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Night of the Living Crickets
Spencer Pate

It is not an average day when a box with five hundred live crickets arrives at your doorstep.  Even stranger would be a day when you are not only very excited about receiving a box of crickets, but a day when you are planning to bake one hundred chocolate-chip cookies with the crickets in them.  But since I do not live an average life, all of this did indeed happen to me one frosty December day in eighth grade.  Perhaps I should explain . . .  

I had ordered five hundred, one-half inch crickets for my science fair project that year.  The purpose of my experiment was to instill people with an open mind toward entomophagy, or the eating of insects.  In case you didn’t know, insects are an excellent source of protein and are eaten regularly in many other countries.  To accomplish this goal, I had to make regular chocolate-chip cookies and “chocolate-chip chirpie (cricket) cookies” which people would sample and rate on a taste scale.  I hypothesized that seventy-five percent or greater of people will rate a chocolate-chip cookie baked with crickets within a margin of three points on a ten point scale of taste as compared to a regular chocolate-chip cookie.  I have long been interested in eating strange foods, and I even own a book with recipes involving insects.  So I thought: Why not?  It will certainly get me points for creativity.  My mom deserves a lot of credit for letting me do the experiment in the first place, since I doubt that many other mothers would be brave (or foolish) enough to allow it.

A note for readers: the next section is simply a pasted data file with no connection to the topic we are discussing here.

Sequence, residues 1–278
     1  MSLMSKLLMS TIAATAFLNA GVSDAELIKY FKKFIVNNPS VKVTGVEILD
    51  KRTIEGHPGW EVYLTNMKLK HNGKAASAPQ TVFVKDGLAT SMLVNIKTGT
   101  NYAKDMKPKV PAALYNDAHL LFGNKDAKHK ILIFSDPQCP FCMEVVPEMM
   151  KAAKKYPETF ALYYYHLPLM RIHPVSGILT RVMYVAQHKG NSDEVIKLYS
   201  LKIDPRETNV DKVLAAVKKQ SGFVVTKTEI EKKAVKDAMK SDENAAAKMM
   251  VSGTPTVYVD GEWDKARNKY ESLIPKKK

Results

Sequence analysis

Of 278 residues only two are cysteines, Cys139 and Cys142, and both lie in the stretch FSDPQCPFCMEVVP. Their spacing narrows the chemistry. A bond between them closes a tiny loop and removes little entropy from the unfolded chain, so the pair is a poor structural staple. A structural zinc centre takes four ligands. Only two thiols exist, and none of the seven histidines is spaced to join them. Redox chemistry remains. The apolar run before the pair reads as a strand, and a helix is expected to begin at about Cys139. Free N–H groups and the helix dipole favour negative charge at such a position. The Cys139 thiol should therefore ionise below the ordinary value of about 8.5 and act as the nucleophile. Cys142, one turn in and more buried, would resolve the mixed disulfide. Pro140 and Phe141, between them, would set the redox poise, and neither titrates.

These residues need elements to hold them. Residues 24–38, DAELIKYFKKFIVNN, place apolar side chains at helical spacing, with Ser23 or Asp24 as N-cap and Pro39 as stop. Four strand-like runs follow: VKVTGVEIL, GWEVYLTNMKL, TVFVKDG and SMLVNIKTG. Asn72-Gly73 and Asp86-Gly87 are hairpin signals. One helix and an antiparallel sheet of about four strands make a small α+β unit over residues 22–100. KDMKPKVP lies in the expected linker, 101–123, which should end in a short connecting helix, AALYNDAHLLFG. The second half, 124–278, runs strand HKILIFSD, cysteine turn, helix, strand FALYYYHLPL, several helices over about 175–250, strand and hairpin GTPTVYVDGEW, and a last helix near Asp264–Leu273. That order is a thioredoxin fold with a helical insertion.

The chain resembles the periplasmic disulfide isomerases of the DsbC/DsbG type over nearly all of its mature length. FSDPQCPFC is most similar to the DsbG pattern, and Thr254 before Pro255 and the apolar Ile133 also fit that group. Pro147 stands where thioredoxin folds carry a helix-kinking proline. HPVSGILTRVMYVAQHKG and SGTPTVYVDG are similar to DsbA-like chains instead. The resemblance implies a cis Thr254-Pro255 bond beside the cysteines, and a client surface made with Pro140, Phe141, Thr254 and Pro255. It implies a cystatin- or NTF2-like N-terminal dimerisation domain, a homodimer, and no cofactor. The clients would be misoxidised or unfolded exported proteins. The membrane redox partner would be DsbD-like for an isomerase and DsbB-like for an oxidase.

It was way below freezing the day the box came; ironically, the box proclaimed in bold letters: “Live Crickets. Keep Warm.”  As soon as I got the box, I put it in the refrigerator until my dad got home so that he could help me with the baking process.  When we opened the box, we had no idea of what lay ahead of us.  We had expected the crickets to arrive in a smaller box within the package, but the crickets were right there in open egg cartons with a rotten potato and a heat pack that had gone cold.  As soon as the crickets were exposed to room temperature air, they started to jump around.  I had instructions that I found on the internet that told how to dry roast crickets, but I really had no idea what to do with the crickets in the meantime when they were threatening to jump out of the box and take up residence in the kitchen. 

As quickly as I could, I transferred the crickets to a lidded colander and shoved them in the freezer for fifteen minutes to slow down their metabolism.  After that time was up, the crickets were rinsed to purge them of any dirt or nasty bits that might be left.  The crickets had to be rigorously cleaned, or they might not be fit for human consumption.  However, the rinsing only made the crickets friskier.  Sticking the crickets in the freezer again only slowed them down a little; when I opened the colander, a few brave individuals tried to escape by jumping into the sink and onto the stove.  By the way, seeing a mass of five hundred crickets squirming in a colander is not a pretty sight.  My dad helped me throw the crickets on a cookie sheet and put them back in the freezer for fifteen more minutes.  Luckily, after this time the crickets were frozen to the cookie sheet, and we could proceed with the dry roasting.  I had expected this process to take only a few minutes, but it ended up taking forty-five minutes or until the crickets could be crushed with a spoon.  Finally, the “undead” crickets were dead.